Analytics, Google Analytics, Google Tag Manager

A Simple Guide for implementing Google Analytics Transaction Tag

There are lots of theoretical posts showing pretty pictures of e-commerce reports and also telling you how to implement enhanced e-commerce via Shopify or WooCommerce. However, when I set out to learn how to implement e-commerce in Google Tag Manager (GTM) using the transaction tag, there was no simple step-by step-instruction that was free for the beginner. This post is an effort to simplify the implementation of the transaction tag.

Step 1: Enable eCommerce settings in your Google Analytics account. 

Go to Admin> [View that you are working with]>Ecommerce Setting and set the “Enable eCommerce” toggle to “ON” as shown in the picture below.

Step 2: Set up a purchase trigger in GTM

Now, you need something that will trigger the transaction tag to fire(we will build that in a minute). Ideally, you have an order confirmation or “thank you” page after someone submits their order. You can use that as a trigger as seen below

Sometimes, you don’t have a true “next page” when a customer buys from you. In such cases, it is recommended that we use a custom dataLayer event (Step 5 will make this crystal clear. Hold your horses please!). Set up the purchase trigger, exactly as pictured below:

Step 3: Set up the transaction pixel in GTM

Now let’s set up the Transaction tag that will collect data based on the triggers being fired in Step 2. Please see the picture below:

Step 4: Push the GTM container live

Everyone forgets this step in the excitement of setting up eCommerce to work perfectly so I made sure to remind you of doing that as a separate step.

Step 5: Send the dataLayer code to the developer

At this point, we have a trigger to fire on a custom event and a transaction tag that is supposed to pick up transactionID, revenue and products sold. This step is the key to get all the data collected via GTM and pushed through to Google Analytics. The code below will need to be present on the DOM(document object model) the moment a customer clicks on the “Buy” button(or whatever is the last step in your order process).

<script>

window.dataLayer = window.dataLayer || [];

dataLayer.push({

‘event’: ‘purchase’,

  ‘transactionId’: ‘1234’,

 ‘transactionAffiliation’: ‘Acme Clothing’,

  ‘transactionTotal’: 38.26,

  ‘transactionTax’: 1.29,

  ‘transactionShipping’: 5,

  ‘transactionProducts’: [{

   ‘sku’: ‘DD44’,

   ‘name’: ‘T-Shirt’,

    ‘category’: ‘Apparel’,

    ‘price’: 11.99, 

   ‘quantity’: 1

 },{

   ‘sku’: ‘AA1243544’,

   ‘name’: ‘Socks’,

   ‘category’: ‘Apparel’,

   ‘price’: 9.99,

   ‘quantity’: 2

 }]

});

</script>

Addendum: Some points to keep in mind.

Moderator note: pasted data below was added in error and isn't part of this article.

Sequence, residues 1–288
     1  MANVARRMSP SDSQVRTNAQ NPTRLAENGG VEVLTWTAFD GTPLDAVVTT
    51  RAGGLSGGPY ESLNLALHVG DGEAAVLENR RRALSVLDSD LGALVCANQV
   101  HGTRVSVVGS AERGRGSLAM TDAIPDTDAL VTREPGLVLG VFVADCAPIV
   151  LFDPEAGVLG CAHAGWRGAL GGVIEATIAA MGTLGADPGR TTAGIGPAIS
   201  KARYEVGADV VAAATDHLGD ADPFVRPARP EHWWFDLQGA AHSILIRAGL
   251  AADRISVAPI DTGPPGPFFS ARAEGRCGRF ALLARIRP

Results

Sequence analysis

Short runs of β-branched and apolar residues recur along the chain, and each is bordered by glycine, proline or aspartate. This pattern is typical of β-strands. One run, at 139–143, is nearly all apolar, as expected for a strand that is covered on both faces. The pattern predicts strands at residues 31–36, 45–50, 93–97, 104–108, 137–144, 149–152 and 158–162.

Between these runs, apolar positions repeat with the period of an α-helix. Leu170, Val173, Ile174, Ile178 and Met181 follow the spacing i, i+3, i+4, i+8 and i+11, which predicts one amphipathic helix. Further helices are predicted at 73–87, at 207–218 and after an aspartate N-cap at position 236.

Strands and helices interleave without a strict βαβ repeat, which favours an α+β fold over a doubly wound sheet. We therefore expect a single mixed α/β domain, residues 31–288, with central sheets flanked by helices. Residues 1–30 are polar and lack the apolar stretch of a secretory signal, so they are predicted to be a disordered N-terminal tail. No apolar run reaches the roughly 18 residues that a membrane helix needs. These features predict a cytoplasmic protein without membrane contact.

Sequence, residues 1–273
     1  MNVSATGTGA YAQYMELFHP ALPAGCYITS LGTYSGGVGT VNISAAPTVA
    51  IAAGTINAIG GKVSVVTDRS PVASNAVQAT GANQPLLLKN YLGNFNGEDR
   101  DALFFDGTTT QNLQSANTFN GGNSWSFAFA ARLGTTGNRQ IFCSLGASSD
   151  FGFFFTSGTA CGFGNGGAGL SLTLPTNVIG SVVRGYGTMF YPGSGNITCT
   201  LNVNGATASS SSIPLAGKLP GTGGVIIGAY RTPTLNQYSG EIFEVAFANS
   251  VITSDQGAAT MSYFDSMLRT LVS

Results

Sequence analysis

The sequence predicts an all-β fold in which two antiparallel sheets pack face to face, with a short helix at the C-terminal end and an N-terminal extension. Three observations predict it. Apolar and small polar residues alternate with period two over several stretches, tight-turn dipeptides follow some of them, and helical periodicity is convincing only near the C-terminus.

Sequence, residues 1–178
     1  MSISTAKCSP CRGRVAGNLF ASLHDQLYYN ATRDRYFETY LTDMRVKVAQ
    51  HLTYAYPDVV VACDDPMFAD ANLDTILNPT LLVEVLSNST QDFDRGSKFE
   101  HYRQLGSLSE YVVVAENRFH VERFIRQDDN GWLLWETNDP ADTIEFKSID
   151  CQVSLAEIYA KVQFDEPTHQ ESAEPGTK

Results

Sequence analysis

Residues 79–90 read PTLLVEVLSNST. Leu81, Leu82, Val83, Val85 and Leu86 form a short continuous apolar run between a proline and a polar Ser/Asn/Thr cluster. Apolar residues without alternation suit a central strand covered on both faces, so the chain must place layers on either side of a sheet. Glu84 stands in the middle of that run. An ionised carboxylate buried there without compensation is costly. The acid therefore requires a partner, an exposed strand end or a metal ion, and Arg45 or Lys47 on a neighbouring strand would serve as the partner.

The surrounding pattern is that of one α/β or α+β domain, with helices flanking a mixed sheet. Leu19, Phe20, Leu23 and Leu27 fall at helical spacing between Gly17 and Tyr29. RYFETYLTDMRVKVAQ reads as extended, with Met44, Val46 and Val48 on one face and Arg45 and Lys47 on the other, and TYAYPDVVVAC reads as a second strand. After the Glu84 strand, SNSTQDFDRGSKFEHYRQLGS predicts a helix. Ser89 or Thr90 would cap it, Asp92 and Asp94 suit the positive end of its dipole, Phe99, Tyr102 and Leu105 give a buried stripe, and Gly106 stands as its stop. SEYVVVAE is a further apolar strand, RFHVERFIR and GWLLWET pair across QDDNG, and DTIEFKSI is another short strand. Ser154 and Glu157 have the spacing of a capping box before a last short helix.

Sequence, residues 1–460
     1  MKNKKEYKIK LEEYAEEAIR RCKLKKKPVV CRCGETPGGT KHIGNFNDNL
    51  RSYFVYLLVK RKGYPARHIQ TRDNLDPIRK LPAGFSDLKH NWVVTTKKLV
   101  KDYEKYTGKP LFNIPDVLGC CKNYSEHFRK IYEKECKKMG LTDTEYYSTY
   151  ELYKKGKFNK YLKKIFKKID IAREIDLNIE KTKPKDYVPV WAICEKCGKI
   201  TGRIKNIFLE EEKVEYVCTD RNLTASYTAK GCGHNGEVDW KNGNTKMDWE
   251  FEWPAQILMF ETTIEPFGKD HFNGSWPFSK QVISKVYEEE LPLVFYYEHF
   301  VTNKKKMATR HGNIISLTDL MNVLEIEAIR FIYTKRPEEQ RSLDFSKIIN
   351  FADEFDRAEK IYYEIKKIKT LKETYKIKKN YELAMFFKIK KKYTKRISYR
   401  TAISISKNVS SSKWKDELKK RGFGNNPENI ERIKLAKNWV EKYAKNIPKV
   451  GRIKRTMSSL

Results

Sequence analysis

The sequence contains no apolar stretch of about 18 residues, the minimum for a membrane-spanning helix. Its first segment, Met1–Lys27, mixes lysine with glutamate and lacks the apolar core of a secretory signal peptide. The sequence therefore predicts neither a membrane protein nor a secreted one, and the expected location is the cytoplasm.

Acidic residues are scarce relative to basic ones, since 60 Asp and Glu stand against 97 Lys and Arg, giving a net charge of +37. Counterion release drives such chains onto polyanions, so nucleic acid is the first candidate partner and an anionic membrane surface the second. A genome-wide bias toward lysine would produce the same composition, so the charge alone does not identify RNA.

The formatting above leaves a bit to be desired. For a properly formatted “Thankyou” page, please go to the following sample page and right-click to view the HTML source.

Please note that this code needs to be fired above the GTM code on the thank you page for the dataLayer to be populated before the GTM container fires. This is key to capture the data and cannot be stressed enough.

You will see that there is an event being fired that is called ‘purchase’. You will recall that we built a trigger in step 2 specifically to fire when this custom event fires. So now you can understand why we did that.

Make sure that the developer understands that the names of the variables within this dataLayer need to be EXACTLY as laid out in the example script above. TransactionId cannot be named anything else like transactionID or myOrderId or aPoxOnYouMarketing. No cuteness is allowed here.

Also, make sure to study the guidelines by Google on the types of these variables. For example, transactionTotal has to be a number and can’t have quotes around it. You will note that some variables are required, and some are not. All the values for these variables must come from the order itself. Please do not just copy and paste it into the codebase.

Speaking of quotes, please do not just copy the code from this blog post because the single quotes in the dataLayer above do not copy well. Please make sure to send them as plain text to the developer and point out that they are single quotes, just to make sure.

All the values for these variables must come from the order itself. Please do not just copy and paste it into the codebase.

You are done! Please understand that the code set up here is the bare minimum that the developer will need to implement for you to see product revenue, transactions and total revenue per order. If you want to implement enhanced e-commerce, I recommend the following links for you to read and digest. 

AnalyticsMania: How to Set up eCommerce Tracking in Google Tag Manager.

Simo Ahava: Enhanced Ecommerce Guide For Google Tag Manager.

Always remember that you are not alone in this walk along the dark caverns of e-commerce tracking. There are many lights that shine if you were but to look for them. Please let me know if something is not clear. I am always available to answer questions and to help if you get stuck somewhere.